Vol. 75/No. 22 June 6, 2011
Afghans protest U.S. hunter-killer raids
BY BRIAN WILLIAMS
Some 2,000 people demonstrated in a funeral march in the northern city of Taloqan in Afghanistan’s Takhar Province May 18. They were protesting the killing of civilians in a night raid on a house by U.S.-led forces and Afghan troops in that town. The dead included the owner of the house, his wife, daughter, and a guest, the provincial governor’s office told the media.
Shouting “Death to [Afghan president Hamid] Karzai! Death to America!” the marchers carried aloft the bodies of the two men and two women killed. Afghan police and NATO troops opened fire on the demonstrators, killing 10 of them and injuring more than 50. Protesters returned to the streets the following day.
The demonstration occurred in the same province where a U.S. special forces’ operation last September mistakenly targeted and killed 10 people traveling as part of an election campaign convoy for a parliamentary candidate.
The May 18 raid is just one recent example of “collateral damage” from U.S. special forces’ hunter-killer operations. In the last week alone, three other commando raids in eastern Afghanistan killed children, among other noncombatants. Afghan cops opened fire May 15 on marchers protesting a raid in Nangahar Province the night before, killing a 15-year-old boy. Among those killed at the protest was a 14-year-old boy.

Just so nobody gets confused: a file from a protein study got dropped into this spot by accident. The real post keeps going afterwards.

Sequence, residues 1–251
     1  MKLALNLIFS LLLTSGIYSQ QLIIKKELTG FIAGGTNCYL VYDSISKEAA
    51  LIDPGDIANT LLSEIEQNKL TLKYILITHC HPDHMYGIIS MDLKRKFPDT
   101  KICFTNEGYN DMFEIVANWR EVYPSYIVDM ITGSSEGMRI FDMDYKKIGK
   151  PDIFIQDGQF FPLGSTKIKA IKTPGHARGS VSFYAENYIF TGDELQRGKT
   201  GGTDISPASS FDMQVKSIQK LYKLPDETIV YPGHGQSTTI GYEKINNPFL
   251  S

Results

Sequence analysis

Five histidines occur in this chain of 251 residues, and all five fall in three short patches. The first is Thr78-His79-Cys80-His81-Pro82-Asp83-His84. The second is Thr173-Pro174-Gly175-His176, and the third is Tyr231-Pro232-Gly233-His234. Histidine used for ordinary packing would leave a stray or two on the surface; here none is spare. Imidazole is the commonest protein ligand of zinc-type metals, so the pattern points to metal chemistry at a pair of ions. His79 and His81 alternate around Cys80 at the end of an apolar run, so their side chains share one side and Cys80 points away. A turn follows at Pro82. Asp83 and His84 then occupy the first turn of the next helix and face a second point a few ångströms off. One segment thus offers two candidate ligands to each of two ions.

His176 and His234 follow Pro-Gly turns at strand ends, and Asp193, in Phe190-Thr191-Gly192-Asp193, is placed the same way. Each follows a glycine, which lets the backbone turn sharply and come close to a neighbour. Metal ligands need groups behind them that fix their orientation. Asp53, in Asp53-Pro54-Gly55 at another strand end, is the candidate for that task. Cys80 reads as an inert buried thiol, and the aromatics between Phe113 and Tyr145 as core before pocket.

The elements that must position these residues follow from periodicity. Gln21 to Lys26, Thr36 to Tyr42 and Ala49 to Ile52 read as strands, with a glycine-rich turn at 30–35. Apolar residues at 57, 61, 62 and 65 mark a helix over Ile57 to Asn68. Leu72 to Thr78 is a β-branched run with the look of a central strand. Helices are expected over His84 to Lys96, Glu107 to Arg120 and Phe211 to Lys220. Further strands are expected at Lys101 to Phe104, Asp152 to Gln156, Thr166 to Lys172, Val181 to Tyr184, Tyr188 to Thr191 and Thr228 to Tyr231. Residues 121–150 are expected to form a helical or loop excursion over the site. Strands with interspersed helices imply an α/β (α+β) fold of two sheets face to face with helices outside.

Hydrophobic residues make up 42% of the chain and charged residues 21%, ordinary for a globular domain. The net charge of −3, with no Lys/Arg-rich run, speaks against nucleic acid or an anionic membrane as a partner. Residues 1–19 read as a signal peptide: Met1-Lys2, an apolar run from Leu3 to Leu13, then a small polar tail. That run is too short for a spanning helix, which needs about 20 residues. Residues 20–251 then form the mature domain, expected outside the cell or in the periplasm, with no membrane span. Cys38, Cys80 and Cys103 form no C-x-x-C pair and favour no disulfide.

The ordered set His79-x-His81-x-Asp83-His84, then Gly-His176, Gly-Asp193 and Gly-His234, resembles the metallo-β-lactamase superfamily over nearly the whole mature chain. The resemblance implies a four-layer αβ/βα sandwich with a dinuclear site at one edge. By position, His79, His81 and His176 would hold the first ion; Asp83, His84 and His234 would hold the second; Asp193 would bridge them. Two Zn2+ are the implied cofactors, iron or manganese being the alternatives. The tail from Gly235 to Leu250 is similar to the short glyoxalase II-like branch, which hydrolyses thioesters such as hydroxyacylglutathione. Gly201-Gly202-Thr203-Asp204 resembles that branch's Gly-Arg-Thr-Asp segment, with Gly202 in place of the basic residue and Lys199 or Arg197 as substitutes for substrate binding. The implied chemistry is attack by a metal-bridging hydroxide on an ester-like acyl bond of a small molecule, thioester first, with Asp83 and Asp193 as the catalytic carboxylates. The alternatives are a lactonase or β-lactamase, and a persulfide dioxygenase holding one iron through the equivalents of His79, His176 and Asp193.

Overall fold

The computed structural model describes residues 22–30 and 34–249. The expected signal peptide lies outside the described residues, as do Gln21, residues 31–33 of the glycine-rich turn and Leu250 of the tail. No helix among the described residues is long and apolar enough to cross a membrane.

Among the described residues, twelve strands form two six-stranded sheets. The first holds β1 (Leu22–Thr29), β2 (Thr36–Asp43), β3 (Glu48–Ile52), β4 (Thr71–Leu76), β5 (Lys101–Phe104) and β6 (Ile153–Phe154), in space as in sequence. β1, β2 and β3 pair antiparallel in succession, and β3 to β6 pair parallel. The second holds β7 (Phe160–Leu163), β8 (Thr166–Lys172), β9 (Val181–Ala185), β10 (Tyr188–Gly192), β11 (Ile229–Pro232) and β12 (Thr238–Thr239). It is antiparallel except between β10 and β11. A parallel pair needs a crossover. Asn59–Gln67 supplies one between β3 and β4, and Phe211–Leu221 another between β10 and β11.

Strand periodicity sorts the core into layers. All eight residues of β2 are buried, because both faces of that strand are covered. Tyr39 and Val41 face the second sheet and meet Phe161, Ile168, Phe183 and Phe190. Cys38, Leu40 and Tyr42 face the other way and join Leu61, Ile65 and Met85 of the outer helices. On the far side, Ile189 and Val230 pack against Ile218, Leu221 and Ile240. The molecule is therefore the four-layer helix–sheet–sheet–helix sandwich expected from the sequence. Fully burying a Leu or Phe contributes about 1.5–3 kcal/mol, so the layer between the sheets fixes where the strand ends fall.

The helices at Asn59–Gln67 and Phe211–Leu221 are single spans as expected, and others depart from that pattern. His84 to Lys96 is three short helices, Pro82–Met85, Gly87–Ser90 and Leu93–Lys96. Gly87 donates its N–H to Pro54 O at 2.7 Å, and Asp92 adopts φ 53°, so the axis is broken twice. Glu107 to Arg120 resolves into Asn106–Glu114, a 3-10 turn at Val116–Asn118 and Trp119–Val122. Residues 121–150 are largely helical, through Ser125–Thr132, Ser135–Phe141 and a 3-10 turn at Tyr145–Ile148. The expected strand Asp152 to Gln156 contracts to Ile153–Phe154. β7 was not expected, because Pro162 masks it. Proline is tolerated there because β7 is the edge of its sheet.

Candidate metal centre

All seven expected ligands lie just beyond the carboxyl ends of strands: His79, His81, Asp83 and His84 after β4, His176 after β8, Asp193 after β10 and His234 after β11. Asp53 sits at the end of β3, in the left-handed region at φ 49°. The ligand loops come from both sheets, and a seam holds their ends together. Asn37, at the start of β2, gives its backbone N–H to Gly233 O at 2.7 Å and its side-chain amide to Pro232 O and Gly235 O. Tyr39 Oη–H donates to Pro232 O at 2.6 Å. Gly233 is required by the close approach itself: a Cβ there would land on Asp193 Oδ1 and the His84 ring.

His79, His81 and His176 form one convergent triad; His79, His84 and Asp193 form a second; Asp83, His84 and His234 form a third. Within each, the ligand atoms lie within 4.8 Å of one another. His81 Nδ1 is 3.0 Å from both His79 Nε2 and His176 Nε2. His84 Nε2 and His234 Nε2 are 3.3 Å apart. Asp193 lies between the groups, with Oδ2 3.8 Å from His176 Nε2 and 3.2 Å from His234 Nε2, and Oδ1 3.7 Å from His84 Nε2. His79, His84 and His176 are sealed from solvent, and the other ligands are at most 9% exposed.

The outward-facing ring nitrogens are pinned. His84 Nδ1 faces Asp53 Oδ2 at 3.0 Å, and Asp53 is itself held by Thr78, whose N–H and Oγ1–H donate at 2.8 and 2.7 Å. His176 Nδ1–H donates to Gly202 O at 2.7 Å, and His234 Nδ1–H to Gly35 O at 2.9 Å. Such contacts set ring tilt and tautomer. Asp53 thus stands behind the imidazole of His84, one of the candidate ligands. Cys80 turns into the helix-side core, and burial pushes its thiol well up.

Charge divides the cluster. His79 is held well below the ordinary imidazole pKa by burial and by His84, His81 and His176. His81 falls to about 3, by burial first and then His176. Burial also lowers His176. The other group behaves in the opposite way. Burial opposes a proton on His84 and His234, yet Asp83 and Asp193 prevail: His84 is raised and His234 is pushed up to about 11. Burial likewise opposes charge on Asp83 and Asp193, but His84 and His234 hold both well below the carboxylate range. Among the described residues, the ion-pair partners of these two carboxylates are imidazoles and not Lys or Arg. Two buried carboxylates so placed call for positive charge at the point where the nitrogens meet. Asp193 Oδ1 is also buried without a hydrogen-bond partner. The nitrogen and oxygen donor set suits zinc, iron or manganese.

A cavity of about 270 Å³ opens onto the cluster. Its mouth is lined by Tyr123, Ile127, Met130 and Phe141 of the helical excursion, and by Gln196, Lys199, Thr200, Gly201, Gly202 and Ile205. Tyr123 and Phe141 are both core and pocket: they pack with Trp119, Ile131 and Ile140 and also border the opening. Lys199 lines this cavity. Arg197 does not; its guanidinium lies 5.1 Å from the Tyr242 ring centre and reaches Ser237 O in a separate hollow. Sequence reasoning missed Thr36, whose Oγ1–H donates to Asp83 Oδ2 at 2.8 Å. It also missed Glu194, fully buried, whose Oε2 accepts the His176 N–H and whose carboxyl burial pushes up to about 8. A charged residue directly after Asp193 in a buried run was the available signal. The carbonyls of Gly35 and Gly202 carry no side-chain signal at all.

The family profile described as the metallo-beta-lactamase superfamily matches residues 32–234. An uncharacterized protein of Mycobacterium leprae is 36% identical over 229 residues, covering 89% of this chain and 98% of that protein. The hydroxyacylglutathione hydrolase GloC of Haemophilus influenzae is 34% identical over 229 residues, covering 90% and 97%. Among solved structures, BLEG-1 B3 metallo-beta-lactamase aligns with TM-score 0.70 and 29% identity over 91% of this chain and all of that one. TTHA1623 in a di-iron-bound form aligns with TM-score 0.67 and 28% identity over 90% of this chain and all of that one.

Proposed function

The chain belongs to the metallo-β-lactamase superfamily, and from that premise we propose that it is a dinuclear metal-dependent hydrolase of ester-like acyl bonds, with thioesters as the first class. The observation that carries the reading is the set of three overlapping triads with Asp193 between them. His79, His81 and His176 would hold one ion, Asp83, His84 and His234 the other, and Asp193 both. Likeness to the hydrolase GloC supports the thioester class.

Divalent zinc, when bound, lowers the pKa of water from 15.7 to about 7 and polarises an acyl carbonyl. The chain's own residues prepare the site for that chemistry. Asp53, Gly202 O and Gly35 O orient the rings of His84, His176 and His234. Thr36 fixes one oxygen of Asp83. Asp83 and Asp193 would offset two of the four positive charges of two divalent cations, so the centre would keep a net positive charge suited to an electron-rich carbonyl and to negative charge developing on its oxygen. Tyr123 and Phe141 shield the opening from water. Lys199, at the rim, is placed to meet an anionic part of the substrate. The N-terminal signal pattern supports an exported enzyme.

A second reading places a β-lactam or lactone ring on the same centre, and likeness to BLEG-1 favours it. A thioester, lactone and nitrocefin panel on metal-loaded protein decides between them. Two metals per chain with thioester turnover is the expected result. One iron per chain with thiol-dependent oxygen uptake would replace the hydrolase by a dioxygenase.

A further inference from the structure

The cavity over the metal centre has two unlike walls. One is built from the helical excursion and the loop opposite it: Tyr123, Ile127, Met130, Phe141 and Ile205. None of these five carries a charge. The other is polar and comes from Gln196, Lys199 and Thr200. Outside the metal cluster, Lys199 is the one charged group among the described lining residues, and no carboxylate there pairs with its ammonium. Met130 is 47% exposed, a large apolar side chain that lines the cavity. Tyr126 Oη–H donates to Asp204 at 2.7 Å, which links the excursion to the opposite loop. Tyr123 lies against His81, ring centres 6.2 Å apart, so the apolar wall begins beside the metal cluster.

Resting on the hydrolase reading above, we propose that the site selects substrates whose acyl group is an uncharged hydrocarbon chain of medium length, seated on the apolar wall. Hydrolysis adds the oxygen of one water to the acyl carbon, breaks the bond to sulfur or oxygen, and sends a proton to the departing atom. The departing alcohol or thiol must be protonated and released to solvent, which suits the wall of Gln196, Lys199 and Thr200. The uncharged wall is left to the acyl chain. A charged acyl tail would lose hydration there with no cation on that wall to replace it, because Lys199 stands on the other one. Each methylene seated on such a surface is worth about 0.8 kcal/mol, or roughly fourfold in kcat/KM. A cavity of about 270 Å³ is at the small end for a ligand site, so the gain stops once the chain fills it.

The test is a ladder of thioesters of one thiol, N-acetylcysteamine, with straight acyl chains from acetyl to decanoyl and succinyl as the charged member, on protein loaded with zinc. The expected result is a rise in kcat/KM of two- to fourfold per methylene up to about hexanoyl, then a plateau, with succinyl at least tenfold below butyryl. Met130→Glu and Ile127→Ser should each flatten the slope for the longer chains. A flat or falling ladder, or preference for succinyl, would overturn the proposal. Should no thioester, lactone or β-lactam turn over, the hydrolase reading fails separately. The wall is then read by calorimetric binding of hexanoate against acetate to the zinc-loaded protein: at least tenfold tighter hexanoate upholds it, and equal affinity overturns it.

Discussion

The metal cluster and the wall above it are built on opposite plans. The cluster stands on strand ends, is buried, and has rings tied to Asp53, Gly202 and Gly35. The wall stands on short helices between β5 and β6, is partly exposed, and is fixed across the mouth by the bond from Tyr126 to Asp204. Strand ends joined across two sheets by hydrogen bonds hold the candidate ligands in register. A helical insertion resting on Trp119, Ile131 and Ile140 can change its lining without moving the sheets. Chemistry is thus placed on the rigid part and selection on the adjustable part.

NATO officials claim that the latest raid killed militants affiliated with the Islamic Movement of Uzbekistan, a group that backs the Taliban in northern Afghanistan. The protesters emphatically pointed out that all four were civilians. U.S.-backed President Karzai condemned the assault, saying it was a case of mistaken identity.
In a statement on its website, the German Defense Ministry “admitted that its troops deliberately fired upon the demonstrators,” reported Spiegel online, backtracking from its previous story that its troops only fired warning shots. Two German soldiers were killed. Berlin has nearly 5,000 troops stationed in northern Afghanistan.